My wife sat down on the couch. I went outside, curious if anything had changed. The landlord was not crying with his forehead resting on the railing. He stood with back to his door, out of my line of vision, and spoke with two cops across from him. One of them was speaking to someone on a cell phone. Your brother’s roommate called us and said your brother was making suicidal comments. Another cop came up the stairs. He saw me. I lifted my hands. The cop didn’t get it.
What the fuck is going on?
I just got here, man.
Inside, my wife was watching TV. I told her about the cops. We decided the roommate called the police to keep the landlord from leaving, driving drunk. I think there’s a chick up there. My wife sighed. Probably. She watched her show. Lights are flashing through the windows in our son’s play room. Those windows look out on the other side of the house. With my fingers I created a space in the drawn shades so I could see what I believed then to be a fire engine, based on the noise of the idling engine. I was wrong. It was an ambulance, and my landlord was lying on a stretcher inside it, propped up with an elbow, talking with an EMT. I let the shades fall shut. I explain the scene to my wife. We laughed nervous, what-the-fuck laughs The commotion died.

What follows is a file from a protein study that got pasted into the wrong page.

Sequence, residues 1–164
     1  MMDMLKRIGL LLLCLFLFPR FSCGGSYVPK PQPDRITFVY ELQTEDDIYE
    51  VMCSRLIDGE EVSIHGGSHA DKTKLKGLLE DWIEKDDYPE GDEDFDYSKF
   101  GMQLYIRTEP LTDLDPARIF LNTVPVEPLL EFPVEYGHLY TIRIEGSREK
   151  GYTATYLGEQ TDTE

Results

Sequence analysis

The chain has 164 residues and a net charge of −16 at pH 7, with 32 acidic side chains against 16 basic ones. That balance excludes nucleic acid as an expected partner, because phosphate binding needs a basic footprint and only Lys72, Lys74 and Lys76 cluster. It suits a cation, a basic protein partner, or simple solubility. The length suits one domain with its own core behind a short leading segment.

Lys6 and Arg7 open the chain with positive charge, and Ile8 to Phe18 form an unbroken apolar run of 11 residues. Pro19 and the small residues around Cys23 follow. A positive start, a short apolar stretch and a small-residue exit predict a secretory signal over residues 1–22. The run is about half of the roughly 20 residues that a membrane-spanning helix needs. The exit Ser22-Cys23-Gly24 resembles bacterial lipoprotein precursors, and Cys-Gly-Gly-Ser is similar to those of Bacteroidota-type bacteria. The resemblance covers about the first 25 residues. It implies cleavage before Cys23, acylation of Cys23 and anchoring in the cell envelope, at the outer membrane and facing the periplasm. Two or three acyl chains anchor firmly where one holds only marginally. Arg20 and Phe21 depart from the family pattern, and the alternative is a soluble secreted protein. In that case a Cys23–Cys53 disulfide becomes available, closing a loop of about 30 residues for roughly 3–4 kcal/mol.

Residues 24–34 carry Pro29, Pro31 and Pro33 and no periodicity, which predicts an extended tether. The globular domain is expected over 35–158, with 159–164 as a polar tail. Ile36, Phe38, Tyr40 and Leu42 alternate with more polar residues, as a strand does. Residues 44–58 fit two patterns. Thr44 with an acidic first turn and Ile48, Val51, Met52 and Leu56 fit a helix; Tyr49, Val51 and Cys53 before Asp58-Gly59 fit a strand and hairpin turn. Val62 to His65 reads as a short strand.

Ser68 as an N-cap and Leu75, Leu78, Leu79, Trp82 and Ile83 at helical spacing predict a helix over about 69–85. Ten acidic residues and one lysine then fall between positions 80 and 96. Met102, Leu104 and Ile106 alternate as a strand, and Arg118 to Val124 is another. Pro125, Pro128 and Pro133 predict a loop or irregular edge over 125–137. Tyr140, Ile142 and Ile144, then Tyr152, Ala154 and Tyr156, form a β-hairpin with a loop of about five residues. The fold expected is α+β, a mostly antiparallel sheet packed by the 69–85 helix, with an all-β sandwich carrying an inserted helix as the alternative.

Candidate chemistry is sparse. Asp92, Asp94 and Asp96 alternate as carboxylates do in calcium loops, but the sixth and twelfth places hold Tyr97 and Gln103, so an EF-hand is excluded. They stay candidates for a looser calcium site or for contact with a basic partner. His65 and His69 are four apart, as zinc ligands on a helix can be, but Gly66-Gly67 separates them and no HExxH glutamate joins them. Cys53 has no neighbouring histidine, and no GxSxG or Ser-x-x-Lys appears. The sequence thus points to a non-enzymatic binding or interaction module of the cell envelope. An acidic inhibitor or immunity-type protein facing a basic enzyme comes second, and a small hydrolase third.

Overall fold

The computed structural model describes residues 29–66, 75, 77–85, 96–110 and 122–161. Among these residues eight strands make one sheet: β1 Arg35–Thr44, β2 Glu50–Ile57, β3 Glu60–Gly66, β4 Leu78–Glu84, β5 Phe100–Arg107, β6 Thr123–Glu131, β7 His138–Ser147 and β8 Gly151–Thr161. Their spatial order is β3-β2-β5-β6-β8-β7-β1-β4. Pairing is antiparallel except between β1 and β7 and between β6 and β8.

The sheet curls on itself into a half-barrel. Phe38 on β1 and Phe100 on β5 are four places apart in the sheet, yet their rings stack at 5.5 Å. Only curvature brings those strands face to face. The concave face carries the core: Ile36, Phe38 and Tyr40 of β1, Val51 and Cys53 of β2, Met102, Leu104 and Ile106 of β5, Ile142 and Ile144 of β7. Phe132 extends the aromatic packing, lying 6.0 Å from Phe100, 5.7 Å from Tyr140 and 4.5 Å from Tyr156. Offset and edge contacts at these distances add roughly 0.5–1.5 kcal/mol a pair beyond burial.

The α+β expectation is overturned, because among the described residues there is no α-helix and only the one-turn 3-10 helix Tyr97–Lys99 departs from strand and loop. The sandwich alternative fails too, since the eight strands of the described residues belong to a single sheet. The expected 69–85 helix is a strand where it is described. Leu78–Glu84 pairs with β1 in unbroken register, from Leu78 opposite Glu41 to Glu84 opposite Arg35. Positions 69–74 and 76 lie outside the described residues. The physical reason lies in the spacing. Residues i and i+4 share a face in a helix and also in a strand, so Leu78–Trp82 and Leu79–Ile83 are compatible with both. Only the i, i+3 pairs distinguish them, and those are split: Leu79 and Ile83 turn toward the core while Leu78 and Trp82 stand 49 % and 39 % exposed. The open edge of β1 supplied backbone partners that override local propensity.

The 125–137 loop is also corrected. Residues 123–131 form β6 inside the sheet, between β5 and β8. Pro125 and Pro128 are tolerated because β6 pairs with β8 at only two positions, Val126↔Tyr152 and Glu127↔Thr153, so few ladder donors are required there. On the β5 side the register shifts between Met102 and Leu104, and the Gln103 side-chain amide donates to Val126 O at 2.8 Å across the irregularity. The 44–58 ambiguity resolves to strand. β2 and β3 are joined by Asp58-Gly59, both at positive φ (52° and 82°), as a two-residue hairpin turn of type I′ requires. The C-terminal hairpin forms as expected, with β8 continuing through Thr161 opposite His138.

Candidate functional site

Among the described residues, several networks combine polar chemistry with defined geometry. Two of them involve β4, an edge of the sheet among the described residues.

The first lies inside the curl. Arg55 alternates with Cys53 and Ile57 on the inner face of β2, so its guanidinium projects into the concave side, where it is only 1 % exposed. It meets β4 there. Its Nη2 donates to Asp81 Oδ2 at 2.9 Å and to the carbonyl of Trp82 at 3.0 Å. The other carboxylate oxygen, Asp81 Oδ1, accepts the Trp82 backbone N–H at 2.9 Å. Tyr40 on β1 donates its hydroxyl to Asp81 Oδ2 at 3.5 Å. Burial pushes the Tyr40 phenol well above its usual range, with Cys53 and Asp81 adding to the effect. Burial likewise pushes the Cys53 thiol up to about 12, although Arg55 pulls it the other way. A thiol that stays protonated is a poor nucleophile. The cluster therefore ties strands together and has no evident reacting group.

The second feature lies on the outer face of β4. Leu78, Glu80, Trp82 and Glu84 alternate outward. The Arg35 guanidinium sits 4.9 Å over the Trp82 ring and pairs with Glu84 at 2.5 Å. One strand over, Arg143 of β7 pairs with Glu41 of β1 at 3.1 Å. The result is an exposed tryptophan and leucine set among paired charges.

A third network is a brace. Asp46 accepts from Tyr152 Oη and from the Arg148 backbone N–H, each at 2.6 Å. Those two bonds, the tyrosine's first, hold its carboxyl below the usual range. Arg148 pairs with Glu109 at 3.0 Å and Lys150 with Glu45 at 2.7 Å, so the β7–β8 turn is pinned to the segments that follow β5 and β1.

Later, I brought our dog into the small backyard to pee. It isn’t very cold. I’m wearing a t-shirt. It was still raining. I began to worry. There are leaks in the ceiling over my son’s crib and my side of the bed the landlord promised to fix a week ago. I hear the roommate talking on the phone through an open window. Then he tries all this I’m sorry shit, tries hugging up on me and I’m like get the fuck away from me.
We could have been in a house. It might have been too small or too expensive, something, but it would be ours. All according to plan.
My dog peed. She looked up at me, her tail wagging. In the kitchen, I removed the leash from around her neck and I gave her a treat. I wondered about tenants’ rights, how to get out of a lease. I walked down the hall. It was time for bed.